To assess direct participation of mast cells in obesity, we studied diet-induced obesity in mast cell-deficient Kit W-sh/W-sh mice, which lack mature mast cells due to an inversion mutation of the c-Kit promoter region13. Six-week-old male (Fig. 2a) and female (Supplementary Fig. 1a) KitW-sh/W-sh mice fed a Western diet for 12 weeks gained significantly less body weight than wild-type (WT) congenic controls. Similarly, WT mice receiving a daily intraperitoneal (i.p.) injection of the mast cell stabilizer disodium cromoglycate (DSCG)14–16 also had attenuated body weight gain. DSCG treatment did not further affect the body weight of the KitW-sh/W-sh mice, suggesting it acted through mast cells. Consistent with reduced body weight, both male and female KitW-sh/W-sh mice or those receiving DSCG had significantly less total subcutaneous and visceral fat than untreated WT controls (Fig. 2a and Supplementary Fig. 1a). Earlier studies revealed normal numbers and activities of monocytes or macrophages and neutrophils in WT and KitW-sh/W-sh mice 6,7,17. Using T or B lymphocytes from KitW-sh/W-sh mice we detected no significant activity differences in a mixed lymphocyte reaction assay from those of WT mice (data not shown). While Western diet-fed WT mice livers were steatotic with abundant c-Kit CD117+ mast cells, those from KitW-sh/W-sh or WT mice treated with DSCG under the same dietary conditions did not contain mast cells and had similar histologic appearance to chow diet-fed WT mice (Supplementary Fig. 1b). Histological analysis of the intestine, colon, stomach, and pancreas also did not reveal obvious phenotypic differences between chow diet-fed WT mice and any diet-fed KitW-sh/W-sh or DSCG-treated WT mice (data not shown). Body composition analysis revealed reduced fat mass but increased lean mass in KitW-sh/W-sh mice or those that received DSCG after 12 weeks of a Western diet (Supplementary Fig. 1c). These data provide no evidence that reduced obesity in KitW-sh/W-sh or DSCG-treated mice did not stem from the loss of mast cell function or resulted from a confounding general health issue.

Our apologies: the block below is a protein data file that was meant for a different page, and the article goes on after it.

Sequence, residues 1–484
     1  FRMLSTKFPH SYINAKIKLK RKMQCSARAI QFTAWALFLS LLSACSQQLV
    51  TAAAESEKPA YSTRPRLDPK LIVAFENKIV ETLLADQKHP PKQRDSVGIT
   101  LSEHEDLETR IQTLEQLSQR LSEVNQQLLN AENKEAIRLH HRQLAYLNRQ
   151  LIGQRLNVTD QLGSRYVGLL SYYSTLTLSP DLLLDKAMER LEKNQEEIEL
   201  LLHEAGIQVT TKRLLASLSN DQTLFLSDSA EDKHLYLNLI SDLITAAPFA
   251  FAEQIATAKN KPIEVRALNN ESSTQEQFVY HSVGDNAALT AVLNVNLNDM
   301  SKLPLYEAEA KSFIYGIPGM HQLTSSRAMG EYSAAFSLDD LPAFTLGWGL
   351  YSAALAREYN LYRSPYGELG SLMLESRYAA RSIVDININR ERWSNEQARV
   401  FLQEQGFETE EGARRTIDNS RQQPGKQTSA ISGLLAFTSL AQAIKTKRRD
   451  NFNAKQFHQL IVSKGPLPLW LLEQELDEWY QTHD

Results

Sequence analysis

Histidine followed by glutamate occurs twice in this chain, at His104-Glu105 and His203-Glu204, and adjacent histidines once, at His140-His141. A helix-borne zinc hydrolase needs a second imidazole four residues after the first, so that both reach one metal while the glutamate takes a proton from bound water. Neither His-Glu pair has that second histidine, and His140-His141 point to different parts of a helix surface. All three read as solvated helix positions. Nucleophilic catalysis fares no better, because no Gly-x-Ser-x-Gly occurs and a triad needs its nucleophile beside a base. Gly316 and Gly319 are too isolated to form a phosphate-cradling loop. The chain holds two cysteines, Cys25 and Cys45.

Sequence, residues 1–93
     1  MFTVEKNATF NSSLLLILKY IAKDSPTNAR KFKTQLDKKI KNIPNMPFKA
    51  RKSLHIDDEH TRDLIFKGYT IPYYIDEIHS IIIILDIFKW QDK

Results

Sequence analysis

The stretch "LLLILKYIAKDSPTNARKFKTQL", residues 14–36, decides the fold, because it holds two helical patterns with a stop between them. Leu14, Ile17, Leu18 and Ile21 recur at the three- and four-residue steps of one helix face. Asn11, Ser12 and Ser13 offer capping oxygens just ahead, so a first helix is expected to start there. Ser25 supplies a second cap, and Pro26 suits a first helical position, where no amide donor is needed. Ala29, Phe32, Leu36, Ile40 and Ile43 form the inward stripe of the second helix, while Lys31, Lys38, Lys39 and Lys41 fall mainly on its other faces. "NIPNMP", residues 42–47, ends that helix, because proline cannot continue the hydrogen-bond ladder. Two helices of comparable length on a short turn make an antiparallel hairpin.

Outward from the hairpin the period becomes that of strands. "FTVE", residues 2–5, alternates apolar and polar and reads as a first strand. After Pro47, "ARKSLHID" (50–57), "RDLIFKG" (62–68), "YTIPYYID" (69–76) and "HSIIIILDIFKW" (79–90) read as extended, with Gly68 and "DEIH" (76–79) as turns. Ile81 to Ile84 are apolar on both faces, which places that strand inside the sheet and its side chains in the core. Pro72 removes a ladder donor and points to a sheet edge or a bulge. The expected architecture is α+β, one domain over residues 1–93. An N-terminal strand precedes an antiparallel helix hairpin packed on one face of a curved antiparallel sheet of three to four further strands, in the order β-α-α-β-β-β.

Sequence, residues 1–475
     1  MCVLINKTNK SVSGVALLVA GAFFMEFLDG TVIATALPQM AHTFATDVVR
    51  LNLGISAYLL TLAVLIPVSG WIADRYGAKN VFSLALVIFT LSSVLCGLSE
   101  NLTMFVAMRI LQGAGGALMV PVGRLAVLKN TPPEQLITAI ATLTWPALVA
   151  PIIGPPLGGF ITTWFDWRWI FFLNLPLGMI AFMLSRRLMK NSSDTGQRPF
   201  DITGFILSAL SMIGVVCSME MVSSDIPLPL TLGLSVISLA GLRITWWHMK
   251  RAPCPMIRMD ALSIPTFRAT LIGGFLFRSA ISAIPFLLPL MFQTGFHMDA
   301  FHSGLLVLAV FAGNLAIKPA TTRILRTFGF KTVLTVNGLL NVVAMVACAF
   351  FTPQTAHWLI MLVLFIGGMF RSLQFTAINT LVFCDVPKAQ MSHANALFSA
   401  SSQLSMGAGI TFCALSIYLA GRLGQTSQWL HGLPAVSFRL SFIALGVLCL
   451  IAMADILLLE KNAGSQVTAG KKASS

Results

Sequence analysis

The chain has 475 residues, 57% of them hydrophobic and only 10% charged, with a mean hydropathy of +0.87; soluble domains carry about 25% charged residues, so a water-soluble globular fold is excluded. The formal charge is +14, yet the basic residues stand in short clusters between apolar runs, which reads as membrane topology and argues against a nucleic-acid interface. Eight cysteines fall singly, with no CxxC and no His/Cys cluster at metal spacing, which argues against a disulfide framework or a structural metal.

Similar to human WAT (Fig. 1c–e), immunostaining using a CD117 monoclonal antibody detected significantly more mast cells in WAT from Western diet-induced obese mice than those from chow diet-fed lean mice, with many of these mast cells located near microvessels (Fig. 2b, c). Notably, DSCG treatment did not significantly reduce WAT mast cell content in Western diet-fed WT mice (Fig. 2b, c), but these mice responded similarly to KitW-sh/W-sh mice in body weight gain, suggesting that DSCG inactivated mast cells but did not affect their recruitment to the WAT. In contrast, immunostaining using a Mac-2 monoclonal antibody detected significantly fewer macrophages in KitW-sh/W-sh and DSCG-treated mice than untreated Western diet-fed WT mice (Fig. 2d). High mast cell numbers but low macrophage numbers in WAT from DSCG-treated Western diet-fed WT mice suggest that mast cells appear in WAT before macrophages, a hypothesis that merits further examination.
Along with reduced body weight, male and female KitW-sh/W-sh mice or those receiving DSCG also had significantly lower levels of serum leptin than WT controls (Supplementary Fig. 1d). These mice also demonstrated greater glucose tolerance and more sensitivity to insulin than did Western diet-fed WT control mice. Glucose tolerance assay (Fig. 4e) and insulin sensitivity assay (Supplementary Fig. 1e) in Western diet-fed mice revealed significantly improved glucose tolerance and insulin sensitivity of KitW-sh/W-sh mice or WT mice receiving DSCG. These mice also had lower serum insulin levels than the WT control mice (Supplementary Fig. 1f). To understand the mechanisms of these salutary effects of mast cell deficiency or inactivation, we performed energy expenditure assays and measured brown fat uncoupled protein-1 (UCP1). Measurement of food and water intake, fecal and urine production, and O2 consumption and CO2 production showed that KitW-sh/W-sh mice and DSCG-treated WT mice had an increased resting metabolic rate, illustrated by significantly greater O2 consumption and CO2 production than untreated WT mice (Supplementary Table 1). These mice had higher brown fat UCP1 expression, a marker of energy expenditure18,19, than WT control mice (Fig. 2f).